Developed by Perry Kaufman, Kaufman's Adaptive Moving Average (KAMA) is a moving average designed to account for market noise or volatility. KAMA will closely follow prices when the price swings are relatively small and the noise is low. KAMA will adjust when the price swings widen and follow prices from a greater distance. This trend-following indicator can be used to identify the overall trend, time turning points and filter price movements.
There are several steps required to calculate Kaufman's Adaptive Moving Average. Let's first start with the settings recommended by Perry Kaufman: KAMA(10,2,30).
Before calculating KAMA, we need to calculate the Efficiency Ratio (ER) and the Smoothing Constant (SC). Breaking down the formula into bite-size nuggets makes it easier to understand the methodology behind the indicator. Note that ABS stands for Absolute Value.
The ER is basically the price change adjusted for the daily volatility.
ER = Change/Volatility Change = ABS(Close - Close (10 periods ago)) Volatility = Sum10(ABS(Close - Prior Close)) Volatility is the sum of the absolute value of the last ten price changes (Close - Prior Close).
In statistical terms, the Efficiency Ratio tells us the fractal efficiency of price changes. ER fluctuates between 1 and 0, but these extremes are the exception, not the norm. ER would be 1 if prices moved up 10 consecutive periods or down 10 consecutive periods. ER would be zero if price is unchanged over the 10 periods.
The smoothing constant uses the ER and two smoothing constants based on an exponential moving average.
SC = [ER x (fastest SC - slowest SC) + slowest SC]2 SC = [ER x (2/(2+1) - 2/(30+1)) + 2/(30+1)]2
As you may have noticed, the Smoothing Constant is using the smoothing constants for an exponential moving average in its formula. (2/30+1) is the smoothing constant for a 30-period EMA. The Fastest SC is the smoothing constant for shorter EMA (2-periods). The slowest SC is the smoothing constant for the slowest EMA (30-periods). Note that the “2” at the end is to square the equation.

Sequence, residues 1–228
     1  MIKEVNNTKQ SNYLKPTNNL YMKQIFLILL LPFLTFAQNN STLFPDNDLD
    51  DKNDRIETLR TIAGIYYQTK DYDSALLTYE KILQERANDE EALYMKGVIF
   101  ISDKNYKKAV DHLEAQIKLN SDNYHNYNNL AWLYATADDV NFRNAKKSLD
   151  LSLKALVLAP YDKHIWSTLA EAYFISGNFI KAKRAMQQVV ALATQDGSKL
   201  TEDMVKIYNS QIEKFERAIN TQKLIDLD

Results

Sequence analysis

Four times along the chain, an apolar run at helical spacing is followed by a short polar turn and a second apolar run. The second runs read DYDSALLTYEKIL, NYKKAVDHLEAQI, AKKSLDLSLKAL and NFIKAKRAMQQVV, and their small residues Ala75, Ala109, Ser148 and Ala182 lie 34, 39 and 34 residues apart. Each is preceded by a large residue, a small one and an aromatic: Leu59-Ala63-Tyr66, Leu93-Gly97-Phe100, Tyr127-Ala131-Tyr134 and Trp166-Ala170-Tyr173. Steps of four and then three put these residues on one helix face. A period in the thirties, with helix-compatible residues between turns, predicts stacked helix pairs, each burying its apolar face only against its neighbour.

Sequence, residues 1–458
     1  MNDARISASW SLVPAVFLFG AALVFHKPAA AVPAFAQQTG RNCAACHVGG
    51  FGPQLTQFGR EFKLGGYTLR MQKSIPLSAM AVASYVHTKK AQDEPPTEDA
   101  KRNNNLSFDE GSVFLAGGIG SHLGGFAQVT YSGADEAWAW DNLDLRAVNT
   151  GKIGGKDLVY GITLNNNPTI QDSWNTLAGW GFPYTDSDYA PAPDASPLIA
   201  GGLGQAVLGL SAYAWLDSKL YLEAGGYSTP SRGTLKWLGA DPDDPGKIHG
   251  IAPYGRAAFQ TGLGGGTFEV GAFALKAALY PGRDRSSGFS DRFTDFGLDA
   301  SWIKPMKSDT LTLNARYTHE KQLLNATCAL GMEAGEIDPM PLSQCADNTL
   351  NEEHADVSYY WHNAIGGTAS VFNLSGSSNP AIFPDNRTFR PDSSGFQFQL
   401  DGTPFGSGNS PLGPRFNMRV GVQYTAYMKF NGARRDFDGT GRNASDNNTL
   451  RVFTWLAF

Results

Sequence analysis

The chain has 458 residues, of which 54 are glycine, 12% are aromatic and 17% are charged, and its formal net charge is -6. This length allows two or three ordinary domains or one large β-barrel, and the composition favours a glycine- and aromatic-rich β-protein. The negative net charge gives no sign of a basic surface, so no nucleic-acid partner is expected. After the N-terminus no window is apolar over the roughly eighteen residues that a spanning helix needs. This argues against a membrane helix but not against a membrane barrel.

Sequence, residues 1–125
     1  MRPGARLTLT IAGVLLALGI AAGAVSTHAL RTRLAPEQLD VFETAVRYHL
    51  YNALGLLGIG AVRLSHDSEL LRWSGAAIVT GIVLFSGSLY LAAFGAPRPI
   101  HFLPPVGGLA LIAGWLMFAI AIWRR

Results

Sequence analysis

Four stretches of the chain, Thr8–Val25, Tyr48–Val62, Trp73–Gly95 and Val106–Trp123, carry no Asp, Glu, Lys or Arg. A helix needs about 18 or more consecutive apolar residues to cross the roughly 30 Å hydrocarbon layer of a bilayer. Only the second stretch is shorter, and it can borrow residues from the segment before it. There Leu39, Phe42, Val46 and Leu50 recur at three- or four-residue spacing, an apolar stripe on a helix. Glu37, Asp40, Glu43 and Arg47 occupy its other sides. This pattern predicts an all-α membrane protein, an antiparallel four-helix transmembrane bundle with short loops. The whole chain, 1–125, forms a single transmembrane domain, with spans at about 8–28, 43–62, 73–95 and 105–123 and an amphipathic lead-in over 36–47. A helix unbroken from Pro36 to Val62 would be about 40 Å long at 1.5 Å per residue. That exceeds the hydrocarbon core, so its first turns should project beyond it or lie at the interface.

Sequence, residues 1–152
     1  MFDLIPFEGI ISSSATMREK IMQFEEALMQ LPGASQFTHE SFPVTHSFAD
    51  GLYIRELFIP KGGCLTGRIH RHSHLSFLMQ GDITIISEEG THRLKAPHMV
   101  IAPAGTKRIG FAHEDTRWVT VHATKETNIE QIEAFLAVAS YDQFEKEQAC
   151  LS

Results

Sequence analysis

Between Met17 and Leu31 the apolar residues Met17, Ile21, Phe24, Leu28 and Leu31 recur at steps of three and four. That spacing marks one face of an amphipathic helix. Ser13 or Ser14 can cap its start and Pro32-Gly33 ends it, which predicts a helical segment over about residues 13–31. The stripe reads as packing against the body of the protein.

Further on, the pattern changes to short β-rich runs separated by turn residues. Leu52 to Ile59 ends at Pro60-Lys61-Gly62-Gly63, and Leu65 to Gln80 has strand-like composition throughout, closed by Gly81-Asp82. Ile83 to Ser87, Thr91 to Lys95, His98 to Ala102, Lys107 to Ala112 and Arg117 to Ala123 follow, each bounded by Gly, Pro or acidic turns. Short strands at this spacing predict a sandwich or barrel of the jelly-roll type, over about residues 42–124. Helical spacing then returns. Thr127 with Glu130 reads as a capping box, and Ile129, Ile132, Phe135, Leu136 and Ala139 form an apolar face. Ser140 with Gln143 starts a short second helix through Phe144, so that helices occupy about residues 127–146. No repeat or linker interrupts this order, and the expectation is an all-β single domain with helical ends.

With the Efficiency Ratio (ER) and Smoothing Constant (SC), we are now ready to calculate Kaufman's Adaptive Moving Average (KAMA). Since we need an initial value to start the calculation, the first KAMA is just a simple moving average. The following calculations are based on the formula below.
Current KAMA = Prior KAMA + SC x (Price - Prior KAMA)
The images below show a screenshot from an Excel spreadsheet used to calculate KAMA and the corresponding QQQ chart.
Click here to download this spreadsheet example.
Chartists can use KAMA like any other trend following indicator, such as a moving average. Chartists can look for price crosses, directional changes, and filtered signals.
First, a cross above or below KAMA indicates directional changes in prices. As with any moving average, a simple crossover system will generate lots of signals and lots of whipsaws. Chartists can reduce whipsaws by applying a price or time filter to the crossovers. One might require price to hold the cross for a set number of days or require the cross to exceed KAMA by a set percentage.